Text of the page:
Economy Watch: Homebuilders Confidence a Little Rattled

The National Association of Homebuilders reported that builder confidence in the market for newly built, single-family homes weakened a bit in May.

By Dees Stribling, Contributing Editor

The National Association of Homebuilders reported on Thursday that builder confidence in the market for newly built, single-family homes weakened a bit in May. The NAHB/Wells Fargo Housing Market Index fell one point to 45 from a downwardly revised April reading of 46.

The index’s components were mixed in May. The component gauging sales expectations in the next six months rose one point to strong 57, while the component measuring buyer traffic increased two points to a still-glum 33. The component gauging current sales conditions fell two points to 48, just barely gloomy. Any number over 50 indicates that more builders view conditions as good than poor.

“Builders are waiting for consumers to feel more secure about their financial situation,” NAHB chief economist David Crowe notes. “Once job growth becomes more consistent, consumers will return to the market in larger numbers and that will boost builder confidence.”

Inflation edges up in April

The Bureau of Labor Statistics reported on Thursday that the U.S. Consumer Price Index for All Urban Consumers increased 0.3 percent in April, the largest monthly increase since last June. Over the last 12 months, the all-items index increased 2 percent, precisely the target inflation of the Federal Reserve, and the largest annual increase since last July.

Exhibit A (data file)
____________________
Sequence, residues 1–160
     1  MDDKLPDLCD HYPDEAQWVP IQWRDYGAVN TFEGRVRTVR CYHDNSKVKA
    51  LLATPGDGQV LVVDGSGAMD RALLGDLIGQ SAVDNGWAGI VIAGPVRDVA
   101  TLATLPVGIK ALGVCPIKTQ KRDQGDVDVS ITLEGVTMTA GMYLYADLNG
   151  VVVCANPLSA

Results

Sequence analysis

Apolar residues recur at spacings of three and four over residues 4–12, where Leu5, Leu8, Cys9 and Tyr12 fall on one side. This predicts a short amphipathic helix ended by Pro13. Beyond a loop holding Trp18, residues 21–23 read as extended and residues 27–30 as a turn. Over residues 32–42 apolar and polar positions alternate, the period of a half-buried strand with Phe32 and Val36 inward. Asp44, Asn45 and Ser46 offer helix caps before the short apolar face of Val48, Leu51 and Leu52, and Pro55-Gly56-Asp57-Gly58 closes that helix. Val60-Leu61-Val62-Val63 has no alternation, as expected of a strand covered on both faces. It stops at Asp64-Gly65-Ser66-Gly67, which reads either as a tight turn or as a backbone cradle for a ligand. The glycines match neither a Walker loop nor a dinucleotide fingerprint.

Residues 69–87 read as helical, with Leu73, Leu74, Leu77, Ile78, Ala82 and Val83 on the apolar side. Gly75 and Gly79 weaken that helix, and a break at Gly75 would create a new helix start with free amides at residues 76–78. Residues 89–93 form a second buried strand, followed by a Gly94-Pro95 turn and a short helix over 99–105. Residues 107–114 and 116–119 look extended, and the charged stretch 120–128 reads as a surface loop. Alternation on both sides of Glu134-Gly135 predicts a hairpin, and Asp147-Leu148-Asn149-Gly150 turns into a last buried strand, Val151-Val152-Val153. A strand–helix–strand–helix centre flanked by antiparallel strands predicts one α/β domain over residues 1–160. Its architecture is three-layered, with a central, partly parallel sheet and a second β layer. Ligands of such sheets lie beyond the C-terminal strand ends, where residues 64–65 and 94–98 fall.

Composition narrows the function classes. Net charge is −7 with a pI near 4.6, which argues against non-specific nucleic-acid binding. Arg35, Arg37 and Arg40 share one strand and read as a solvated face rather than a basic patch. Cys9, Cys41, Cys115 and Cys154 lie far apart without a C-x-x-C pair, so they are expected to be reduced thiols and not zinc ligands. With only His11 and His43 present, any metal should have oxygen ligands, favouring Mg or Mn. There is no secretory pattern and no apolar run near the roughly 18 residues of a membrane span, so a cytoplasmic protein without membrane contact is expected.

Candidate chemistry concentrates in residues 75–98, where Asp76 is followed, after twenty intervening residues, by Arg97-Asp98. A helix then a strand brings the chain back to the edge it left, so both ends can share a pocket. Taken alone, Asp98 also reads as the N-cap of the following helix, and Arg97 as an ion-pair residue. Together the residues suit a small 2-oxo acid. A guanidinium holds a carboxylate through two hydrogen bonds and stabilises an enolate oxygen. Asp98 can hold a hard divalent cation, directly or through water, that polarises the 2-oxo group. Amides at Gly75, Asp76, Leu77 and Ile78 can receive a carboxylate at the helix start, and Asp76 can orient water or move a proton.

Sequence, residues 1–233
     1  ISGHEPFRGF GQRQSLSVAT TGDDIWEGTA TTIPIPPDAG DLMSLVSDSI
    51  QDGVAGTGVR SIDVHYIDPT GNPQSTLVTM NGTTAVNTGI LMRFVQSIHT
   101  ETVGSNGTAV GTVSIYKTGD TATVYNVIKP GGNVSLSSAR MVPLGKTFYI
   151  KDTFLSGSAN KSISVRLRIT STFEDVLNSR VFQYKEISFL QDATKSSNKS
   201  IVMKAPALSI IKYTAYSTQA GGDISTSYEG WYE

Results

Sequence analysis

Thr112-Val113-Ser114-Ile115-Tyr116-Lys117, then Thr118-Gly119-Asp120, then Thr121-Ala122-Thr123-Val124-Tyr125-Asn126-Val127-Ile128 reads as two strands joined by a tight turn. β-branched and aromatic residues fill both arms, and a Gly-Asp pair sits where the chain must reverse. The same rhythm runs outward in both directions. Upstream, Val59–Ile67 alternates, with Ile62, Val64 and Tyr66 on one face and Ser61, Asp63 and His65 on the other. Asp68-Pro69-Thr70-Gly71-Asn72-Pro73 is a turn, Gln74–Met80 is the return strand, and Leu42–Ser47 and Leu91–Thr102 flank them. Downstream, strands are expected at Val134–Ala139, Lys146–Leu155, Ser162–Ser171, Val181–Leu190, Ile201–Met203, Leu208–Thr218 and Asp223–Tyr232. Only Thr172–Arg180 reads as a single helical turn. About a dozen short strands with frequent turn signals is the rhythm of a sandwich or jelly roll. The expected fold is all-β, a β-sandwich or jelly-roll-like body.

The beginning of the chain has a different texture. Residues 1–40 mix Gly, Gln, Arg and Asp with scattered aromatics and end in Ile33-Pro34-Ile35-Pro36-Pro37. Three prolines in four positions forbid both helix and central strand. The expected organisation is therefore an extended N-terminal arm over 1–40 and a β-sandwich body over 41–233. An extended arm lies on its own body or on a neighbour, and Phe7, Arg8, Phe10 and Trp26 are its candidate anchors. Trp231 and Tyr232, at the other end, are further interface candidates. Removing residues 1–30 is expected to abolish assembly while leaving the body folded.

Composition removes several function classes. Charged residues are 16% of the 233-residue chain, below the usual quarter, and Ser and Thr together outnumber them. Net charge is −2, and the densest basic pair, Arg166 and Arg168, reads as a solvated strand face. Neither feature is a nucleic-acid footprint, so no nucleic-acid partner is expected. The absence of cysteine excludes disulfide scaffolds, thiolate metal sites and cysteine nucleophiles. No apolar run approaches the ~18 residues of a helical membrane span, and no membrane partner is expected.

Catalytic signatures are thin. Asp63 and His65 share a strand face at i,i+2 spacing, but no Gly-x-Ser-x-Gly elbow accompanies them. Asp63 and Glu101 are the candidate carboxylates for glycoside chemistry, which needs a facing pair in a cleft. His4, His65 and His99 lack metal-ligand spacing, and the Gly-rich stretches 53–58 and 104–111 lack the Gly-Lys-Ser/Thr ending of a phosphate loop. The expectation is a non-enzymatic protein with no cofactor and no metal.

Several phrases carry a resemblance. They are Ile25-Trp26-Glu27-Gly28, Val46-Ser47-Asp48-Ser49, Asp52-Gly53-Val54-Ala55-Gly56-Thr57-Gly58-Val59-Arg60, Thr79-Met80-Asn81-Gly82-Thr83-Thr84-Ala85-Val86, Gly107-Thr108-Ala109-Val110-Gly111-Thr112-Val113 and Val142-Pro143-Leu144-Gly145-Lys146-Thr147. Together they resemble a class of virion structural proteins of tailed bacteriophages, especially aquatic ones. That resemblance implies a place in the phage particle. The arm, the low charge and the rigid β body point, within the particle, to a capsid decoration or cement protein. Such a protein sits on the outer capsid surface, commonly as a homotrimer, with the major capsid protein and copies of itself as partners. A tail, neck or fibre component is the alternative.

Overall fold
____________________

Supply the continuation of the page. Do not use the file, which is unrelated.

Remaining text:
Inflationary pressure was broad-based for the month. The prices of gasoline, shelter and food all rose in April and contributed to the all items increase. The gasoline index rose 2.3 percent, leading to the first increase in overall energy prices since January, despite declines in the price of electricity and fuel oil. The food index rose 0.4 percent for the third month in a row, as the price of meat rose sharply.

Take food and energy out of the picture, and consumer prices were up 0.2 percent in April, with most of its major components posting increases, including shelter, medical care, airline fares, new vehicles, used cars and trucks, and recreation. Prices for apparel, household furnishings and operations, and personal care were all unchanged in April.

Unemployment claims drop sharply

In the week ending May 10, initial unemployment claims came in at an annualized 297,000, a decrease of 24,000 from the previous week, according to the U.S. Department of Labor on Thursday. This is the lowest level for initial claims since May 12, 2007, when they were 297,000. The four-week moving average was 323,250, a decrease of 2,000 from the previous week.

Wall Street dropped again on Thursday on reports of weak earnings, with the Dow Jones Industrial Average down 167.16 points, or 1.01 percent. The S&P 500 was off 0.94 percent and the Nasdaq declined 0.76 percent.

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